Cyber Monday is the Buggy Whip of E-Tailing.

10 responses.

Cyber Monday’s business press was all atwitter looking at that day as well as Black Friday, Small Business Saturday, and Technology Tuesday. Makes me wonder when they’re going to celebrate WTF Wednesday, too.

But this year something new happened. All of a sudden Cyber Monday sales figures are coming in wonky. And experts are falling all over each other to explain what’s going on.

“The holiday season and the weekend are a marathon, not a sprint.” National Retail Federation CEO Matthew Shay told Bloomberg when Cyber Monday sales tumbled an estimated 11 percent over the weekend from a year earlier and 6 million anticipated shoppers didn’t show up.


Shay pointed out many consumers don’t feel like the economy has recovered from the recession yet. That makes it difficult to gauge how much they plan to spend on Cyber Monday or any other day.

New York-based analyst Simeon Siegel put it this way: “You can’t outsmart the consumer anymore. You need to pander to where the consumer wants to shop and when.”

Still other retail experts pointed out that lower Cyber Monday sales were actually a good sign. They theorized this meant consumers were confident and didn’t need retail gimmicks to get them to buy.

Of course no one has bothered to point out that what we’re really seeing is the beginning of the end for traditional retailing. The reason experts all have different opinions is because they’re prognosticating on something they’ve never seen before. And all the facts and figures they trot out to confirm their points of view are old measurements of an old world we’ll never see again.

Kim Kardashian and Cyber MondayTake Cyber Monday itself for example. According to The New York Times, “The name Cyber Monday grew out of the observation that millions of otherwise productive working Americans, fresh off a Thanksgiving weekend of window shopping, were returning to high-speed Internet connections at work Monday…” Of course, this was written in 2005 when most consumers didn’t have high-speed Internet access anywhere but their offices. Today WiFi hotspots are as numerous as Kim Kardashian’s husbands. There is simply no reason for shoppers to wait until they get to work to go online and shop. And since shoppers know the prices they see on Monday will still be available on Tuesday and Wednesday, they’re in no hurry to grab bargains on Cyber Monday.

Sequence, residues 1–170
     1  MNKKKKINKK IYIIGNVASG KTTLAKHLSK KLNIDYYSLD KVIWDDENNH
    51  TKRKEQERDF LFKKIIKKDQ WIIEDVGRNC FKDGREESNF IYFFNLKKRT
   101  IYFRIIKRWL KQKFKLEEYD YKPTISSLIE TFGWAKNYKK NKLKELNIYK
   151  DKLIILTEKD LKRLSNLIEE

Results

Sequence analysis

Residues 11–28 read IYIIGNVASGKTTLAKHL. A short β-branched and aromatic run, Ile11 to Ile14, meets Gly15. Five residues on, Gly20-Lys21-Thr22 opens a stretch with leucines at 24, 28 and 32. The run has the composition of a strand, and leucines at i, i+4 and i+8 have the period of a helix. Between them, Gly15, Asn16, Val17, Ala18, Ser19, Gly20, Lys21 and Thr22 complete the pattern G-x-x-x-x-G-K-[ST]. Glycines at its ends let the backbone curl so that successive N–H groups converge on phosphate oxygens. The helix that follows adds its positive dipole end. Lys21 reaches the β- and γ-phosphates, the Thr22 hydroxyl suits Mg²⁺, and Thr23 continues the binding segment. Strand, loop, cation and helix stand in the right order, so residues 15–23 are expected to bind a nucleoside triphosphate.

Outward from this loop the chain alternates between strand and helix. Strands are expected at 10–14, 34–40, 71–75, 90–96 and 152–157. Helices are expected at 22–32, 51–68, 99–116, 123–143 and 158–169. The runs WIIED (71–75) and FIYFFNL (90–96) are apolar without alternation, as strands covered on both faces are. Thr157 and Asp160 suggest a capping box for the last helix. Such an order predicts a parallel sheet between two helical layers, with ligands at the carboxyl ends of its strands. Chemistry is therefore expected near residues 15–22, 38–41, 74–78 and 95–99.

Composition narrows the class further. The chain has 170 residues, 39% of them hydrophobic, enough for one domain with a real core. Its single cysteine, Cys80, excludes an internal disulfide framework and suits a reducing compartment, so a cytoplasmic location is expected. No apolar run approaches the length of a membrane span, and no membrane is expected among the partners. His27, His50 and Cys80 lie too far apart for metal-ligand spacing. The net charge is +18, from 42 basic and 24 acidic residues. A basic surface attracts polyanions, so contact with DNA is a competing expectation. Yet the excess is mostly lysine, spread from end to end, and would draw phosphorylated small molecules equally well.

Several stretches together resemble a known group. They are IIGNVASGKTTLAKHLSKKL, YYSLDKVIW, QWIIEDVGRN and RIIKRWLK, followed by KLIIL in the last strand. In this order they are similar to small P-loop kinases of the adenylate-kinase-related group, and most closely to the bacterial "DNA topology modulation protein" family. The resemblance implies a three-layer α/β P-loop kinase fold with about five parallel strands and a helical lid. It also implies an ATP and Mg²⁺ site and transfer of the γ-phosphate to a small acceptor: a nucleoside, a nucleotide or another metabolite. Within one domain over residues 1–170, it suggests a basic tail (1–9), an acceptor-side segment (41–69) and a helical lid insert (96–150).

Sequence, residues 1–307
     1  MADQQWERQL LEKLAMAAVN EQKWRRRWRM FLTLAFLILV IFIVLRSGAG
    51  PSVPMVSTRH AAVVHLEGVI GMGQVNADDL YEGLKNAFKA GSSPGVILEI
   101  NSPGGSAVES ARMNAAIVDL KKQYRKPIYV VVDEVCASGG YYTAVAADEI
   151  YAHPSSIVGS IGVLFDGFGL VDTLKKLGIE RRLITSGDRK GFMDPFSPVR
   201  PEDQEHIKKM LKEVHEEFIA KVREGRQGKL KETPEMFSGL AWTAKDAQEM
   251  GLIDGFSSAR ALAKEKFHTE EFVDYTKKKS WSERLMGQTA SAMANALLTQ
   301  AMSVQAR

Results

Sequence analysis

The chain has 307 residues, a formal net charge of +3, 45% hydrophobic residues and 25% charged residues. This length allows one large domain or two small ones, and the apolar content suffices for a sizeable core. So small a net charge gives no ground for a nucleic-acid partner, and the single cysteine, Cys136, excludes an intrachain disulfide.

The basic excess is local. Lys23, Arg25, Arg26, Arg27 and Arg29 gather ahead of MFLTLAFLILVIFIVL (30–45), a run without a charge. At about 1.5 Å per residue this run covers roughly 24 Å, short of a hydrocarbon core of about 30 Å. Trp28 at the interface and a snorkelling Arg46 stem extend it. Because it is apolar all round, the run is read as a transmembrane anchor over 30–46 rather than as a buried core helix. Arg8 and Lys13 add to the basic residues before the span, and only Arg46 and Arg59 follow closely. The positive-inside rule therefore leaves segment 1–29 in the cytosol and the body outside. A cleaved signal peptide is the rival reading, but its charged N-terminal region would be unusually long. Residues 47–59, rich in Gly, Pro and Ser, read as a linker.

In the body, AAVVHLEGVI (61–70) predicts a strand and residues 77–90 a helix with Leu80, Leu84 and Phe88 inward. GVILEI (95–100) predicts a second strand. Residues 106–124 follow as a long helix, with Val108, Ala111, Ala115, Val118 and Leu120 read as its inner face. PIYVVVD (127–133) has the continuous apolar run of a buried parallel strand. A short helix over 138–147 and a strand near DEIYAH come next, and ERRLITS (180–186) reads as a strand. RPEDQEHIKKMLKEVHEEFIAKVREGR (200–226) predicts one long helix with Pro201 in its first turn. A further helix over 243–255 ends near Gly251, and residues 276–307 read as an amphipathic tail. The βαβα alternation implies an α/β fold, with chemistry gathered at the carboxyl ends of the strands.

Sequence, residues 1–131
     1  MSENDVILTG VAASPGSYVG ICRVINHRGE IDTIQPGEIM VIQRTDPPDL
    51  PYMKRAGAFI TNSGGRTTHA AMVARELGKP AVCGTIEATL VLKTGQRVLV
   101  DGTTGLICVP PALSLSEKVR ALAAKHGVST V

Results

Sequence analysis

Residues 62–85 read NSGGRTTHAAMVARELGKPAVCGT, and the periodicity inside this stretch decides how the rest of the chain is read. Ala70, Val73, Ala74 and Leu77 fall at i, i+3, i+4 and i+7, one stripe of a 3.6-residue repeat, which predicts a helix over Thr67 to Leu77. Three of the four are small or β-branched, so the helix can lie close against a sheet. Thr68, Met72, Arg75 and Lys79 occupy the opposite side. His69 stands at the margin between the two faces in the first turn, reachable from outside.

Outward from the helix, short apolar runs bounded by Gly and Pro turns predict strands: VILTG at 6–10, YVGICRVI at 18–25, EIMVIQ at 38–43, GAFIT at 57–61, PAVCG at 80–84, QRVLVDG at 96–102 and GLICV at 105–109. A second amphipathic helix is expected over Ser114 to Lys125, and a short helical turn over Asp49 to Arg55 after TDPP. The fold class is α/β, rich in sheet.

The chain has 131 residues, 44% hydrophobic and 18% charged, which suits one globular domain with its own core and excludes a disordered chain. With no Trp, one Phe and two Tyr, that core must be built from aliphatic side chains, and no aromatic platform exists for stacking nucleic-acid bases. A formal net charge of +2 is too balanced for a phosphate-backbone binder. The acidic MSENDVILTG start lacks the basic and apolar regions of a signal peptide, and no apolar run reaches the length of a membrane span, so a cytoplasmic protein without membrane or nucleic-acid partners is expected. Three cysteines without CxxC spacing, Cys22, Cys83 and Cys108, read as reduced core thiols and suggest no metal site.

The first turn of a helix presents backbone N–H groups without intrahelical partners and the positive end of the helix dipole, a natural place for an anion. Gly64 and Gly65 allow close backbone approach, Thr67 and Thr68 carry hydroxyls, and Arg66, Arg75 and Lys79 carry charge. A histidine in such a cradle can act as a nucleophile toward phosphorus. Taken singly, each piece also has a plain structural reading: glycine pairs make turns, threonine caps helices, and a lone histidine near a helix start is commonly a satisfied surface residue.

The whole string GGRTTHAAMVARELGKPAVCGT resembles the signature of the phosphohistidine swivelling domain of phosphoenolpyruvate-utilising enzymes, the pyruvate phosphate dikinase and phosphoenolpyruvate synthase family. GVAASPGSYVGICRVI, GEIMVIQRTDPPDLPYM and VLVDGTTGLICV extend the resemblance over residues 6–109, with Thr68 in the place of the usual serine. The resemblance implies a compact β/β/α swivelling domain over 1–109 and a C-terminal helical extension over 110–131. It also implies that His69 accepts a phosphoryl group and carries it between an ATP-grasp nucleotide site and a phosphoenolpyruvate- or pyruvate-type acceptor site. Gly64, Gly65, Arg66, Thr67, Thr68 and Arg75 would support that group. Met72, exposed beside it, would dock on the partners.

Unfortunately, the retail industry has trained consumers to expect, demand, and wait for low prices and shoppers now exercise their Pavlovian right to the best deal available regardless of what stores and websites are yelling about.

The only place where this unfortunate reality is not sucking the profits out of retail is the luxury goods market where brands such as Apple, BMW, Hermes, and Louis Vuitton sell more than just the sum of their components. Instead of using price and function to fight it out, these savvy brands understand that whether or not consumers rush to the mall or the Internet, they will pay top dollar for exclusive experiences that define their lifestyles and themselves.

In other words, good brands make you feel good but great brands make you feel good about yourself. The great brands that understand this and build the perceived value of the good feelings they create will prevail regardless of whether it’s Cyber Monday, Black Friday or The Hell With it Thursday.

Good Brands on Cyber Monday

A Great Brand on Cyber Monday

  10 Responses

  1. on December 2, 2014

    So true. And applicable to any brand. Even, or especially to health care practices.
    The new economy is making putting the patient first the secret sauce for super success.

  2. on December 2, 2014

    Which Thursday is “To Hell With It Thursday”?? I need to know.

  3. on December 2, 2014

    Any Thursday you and I are together, John!

  4. on December 2, 2014

    Great idea for a future blog post, Larry. We do so much of our work in health care and put all of the ideas discussed here to work in the industry. Thank you for the inspiration.

  5. on December 3, 2014